Quiz – Keeping Bacteria Off The Menu

Summer picnics—they’re all fun and games until someone gets sick. Foodborne illness, most commonly referred to as food poisoning, seems to happen more often during the summer, when scrumptious macaroni salads and other such foods are left out all afternoon at the family barbecue. But contamination of food can actually happen at any time during its journey from farm to table. Luckily for us, there are steps we can take to prevent foodborne illness from spoiling our day. Take our quiz to learn more:

1. Millions of Americans get food poisoning each year and anyone can be at risk.
     A. True
     B. False
2. All meals made from the following foods can cause food poisoning EXCEPT:
     A. Unpasteurized milk
     B. Raw eggs
     C. Washed fresh fruit
     D. Undercooked meat
3. Which of the following bacteria can cause a rare but deadly form of food poisoning?
     A. Salmonella
     B. B. Listeria
     C. E. coli
     D.  Clostridium botulinum
4. Symptoms of food poisoning always come on slowly, after a long digestion period.
     A. True
     B. False

5. People can help prevent food poisoning by ____.

     A. Washing their hands after touching raw meat, seafood, poultry, or eggs, and before touching other foods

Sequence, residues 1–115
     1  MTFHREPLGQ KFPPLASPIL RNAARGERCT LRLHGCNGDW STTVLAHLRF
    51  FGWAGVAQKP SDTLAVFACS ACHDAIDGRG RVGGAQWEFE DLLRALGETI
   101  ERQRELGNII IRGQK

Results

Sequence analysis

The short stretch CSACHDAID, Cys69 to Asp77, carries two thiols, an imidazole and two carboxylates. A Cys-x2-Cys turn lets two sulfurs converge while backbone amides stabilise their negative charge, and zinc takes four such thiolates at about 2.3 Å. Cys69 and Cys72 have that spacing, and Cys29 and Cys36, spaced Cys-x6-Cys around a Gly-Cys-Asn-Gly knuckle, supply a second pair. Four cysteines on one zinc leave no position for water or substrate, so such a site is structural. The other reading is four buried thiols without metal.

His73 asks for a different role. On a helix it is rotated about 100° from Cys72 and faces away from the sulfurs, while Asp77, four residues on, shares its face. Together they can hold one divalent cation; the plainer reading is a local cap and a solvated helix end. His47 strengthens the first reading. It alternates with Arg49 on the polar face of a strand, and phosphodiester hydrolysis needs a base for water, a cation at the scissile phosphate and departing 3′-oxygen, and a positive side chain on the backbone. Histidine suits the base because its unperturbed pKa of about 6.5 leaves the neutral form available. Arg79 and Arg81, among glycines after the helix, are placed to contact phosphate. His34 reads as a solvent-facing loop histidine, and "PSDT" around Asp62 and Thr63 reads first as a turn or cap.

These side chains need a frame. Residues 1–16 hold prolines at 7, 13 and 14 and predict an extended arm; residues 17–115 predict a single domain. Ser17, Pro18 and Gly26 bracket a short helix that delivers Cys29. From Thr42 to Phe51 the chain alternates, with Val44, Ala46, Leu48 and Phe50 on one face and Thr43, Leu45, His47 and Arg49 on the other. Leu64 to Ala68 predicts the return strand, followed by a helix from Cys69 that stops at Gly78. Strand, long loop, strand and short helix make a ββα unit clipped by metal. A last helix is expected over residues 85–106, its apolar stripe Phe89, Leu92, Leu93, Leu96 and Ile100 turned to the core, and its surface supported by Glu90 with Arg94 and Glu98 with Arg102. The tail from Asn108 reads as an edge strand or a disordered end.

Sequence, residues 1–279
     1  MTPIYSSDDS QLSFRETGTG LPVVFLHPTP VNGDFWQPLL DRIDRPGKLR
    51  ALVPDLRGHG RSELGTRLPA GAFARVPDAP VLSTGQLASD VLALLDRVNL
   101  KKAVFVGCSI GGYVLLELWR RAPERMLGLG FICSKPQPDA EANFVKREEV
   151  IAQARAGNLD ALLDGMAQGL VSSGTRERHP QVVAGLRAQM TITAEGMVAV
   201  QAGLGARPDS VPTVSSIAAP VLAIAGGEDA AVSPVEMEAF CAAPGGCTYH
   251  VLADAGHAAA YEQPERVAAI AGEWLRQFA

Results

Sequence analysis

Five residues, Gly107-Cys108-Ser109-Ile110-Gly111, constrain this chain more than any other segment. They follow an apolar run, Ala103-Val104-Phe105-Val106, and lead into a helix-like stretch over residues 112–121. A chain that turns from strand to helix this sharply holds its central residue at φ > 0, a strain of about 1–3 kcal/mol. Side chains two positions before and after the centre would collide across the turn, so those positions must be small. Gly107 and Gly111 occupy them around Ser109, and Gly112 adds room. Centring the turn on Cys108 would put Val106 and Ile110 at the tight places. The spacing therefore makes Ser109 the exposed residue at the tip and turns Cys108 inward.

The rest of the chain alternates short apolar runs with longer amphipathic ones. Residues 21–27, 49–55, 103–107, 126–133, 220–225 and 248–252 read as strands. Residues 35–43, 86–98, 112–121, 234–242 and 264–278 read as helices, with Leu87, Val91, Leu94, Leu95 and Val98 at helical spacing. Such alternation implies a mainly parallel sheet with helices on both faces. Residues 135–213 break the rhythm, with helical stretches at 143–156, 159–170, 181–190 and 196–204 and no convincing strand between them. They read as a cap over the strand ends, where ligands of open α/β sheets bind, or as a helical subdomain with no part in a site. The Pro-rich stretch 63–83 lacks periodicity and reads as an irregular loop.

B. Refrigerating mayonnaise, salad dressings, and any meals that contain them
     C. Cleaning counter tops, kitchen tools, and cutting boards after each use
     D. Making sure poultry, beef, and eggs are fully cooked before eating
     E.  All of the above


1. A. True. Anyone can get food poisoning, but those with weaker immune systems are at a greater risk. These people include young children, older adults, pregnant women, and people with chronic disease.

2. C. Wash all fruits and vegetables well before eating, and throw away any food that looks or smells like it could be going bad. Store your prepared foods away from any raw foods like uncooked meat or eggs.

3. D. Clostridium botulinum can cause botulism, an illness that is rare but potentially fatal. People are at risk for botulism if they eat low-acid foods (including meat, fish, poultry, or vegetables) that are not properly canned or preserved at home.  Infants could also develop botulism from eating raw honey or corn syrup, so anyone under the age of 1 should never have these foods.

4. B. False. Symptoms of most foodborne illnesses happen very fast. They may start a few hours after you eat the contaminated food. However, the Salmonella bacteria may take a day or so to result in symptoms.

5. E. All of the above. Washing your hands even when you’re not in the kitchen will also help prevent food poisoning and the spread of germs. People should wash their hands every time they use the bathroom, blow their nose, or cough or sneeze.
Source: The Health Library

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